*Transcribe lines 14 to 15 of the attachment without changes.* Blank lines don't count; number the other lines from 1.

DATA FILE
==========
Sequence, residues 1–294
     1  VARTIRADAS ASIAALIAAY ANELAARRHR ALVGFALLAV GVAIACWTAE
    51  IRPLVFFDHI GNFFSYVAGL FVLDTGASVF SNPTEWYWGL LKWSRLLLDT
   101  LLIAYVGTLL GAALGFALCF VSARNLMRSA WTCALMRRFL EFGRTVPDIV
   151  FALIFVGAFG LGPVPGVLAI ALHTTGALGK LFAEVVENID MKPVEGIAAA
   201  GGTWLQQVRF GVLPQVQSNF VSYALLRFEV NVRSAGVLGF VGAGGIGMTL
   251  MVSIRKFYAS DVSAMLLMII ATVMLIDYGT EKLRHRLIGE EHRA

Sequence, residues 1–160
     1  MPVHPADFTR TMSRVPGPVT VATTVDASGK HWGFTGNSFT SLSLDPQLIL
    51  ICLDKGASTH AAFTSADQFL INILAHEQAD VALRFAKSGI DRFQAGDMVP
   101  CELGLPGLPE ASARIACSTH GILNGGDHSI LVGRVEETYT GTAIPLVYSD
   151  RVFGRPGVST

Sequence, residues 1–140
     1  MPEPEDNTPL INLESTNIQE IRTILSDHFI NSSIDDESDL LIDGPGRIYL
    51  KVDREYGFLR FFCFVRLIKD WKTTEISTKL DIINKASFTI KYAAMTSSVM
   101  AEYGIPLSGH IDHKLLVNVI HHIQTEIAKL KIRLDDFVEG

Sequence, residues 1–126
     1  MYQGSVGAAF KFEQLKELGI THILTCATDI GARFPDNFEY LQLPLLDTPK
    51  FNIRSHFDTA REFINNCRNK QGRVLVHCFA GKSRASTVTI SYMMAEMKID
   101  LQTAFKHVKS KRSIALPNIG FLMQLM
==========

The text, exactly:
     1  MPEPEDNTPL INLESTNIQE IRTILSDHFI NSSIDDESDL LIDGPGRIYL
    51  KVDREYGFLR FFCFVRLIKD WKTTEISTKL DIINKASFTI KYAAMTSSVM